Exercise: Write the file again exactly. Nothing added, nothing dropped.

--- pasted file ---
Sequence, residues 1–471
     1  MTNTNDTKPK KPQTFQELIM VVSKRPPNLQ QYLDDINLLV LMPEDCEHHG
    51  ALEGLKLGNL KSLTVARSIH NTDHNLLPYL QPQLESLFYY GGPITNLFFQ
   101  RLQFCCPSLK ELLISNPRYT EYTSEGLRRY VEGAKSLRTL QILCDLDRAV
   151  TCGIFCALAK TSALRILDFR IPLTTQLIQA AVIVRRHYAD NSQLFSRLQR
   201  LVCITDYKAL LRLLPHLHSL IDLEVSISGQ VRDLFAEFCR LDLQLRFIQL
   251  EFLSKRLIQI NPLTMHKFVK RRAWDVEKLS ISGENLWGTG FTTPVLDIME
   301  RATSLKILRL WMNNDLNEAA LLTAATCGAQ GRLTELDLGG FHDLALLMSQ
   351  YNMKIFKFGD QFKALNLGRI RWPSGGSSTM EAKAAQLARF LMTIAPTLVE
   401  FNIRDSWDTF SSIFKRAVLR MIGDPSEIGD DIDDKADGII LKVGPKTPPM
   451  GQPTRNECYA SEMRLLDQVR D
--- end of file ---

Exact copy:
Sequence, residues 1–471
     1  MTNTNDTKPK KPQTFQELIM VVSKRPPNLQ QYLDDINLLV LMPEDCEHHG
    51  ALEGLKLGNL KSLTVARSIH NTDHNLLPYL QPQLESLFYY GGPITNLFFQ
   101  RLQFCCPSLK ELLISNPRYT EYTSEGLRRY VEGAKSLRTL QILCDLDRAV
   151  TCGIFCALAK TSALRILDFR IPLTTQLIQA AVIVRRHYAD NSQLFSRLQR
   201  LVCITDYKAL LRLLPHLHSL IDLEVSISGQ VRDLFAEFCR LDLQLRFIQL
   251  EFLSKRLIQI NPLTMHKFVK RRAWDVEKLS ISGENLWGTG FTTPVLDIME
   301  RATSLKILRL WMNNDLNEAA LLTAATCGAQ GRLTELDLGG FHDLALLMSQ
   351  YNMKIFKFGD QFKALNLGRI RWPSGGSSTM EAKAAQLARF LMTIAPTLVE
   401  FNIRDSWDTF SSIFKRAVLR MIGDPSEIGD DIDDKADGII LKVGPKTPPM
   451  GQPTRNECYA SEMRLLDQVR D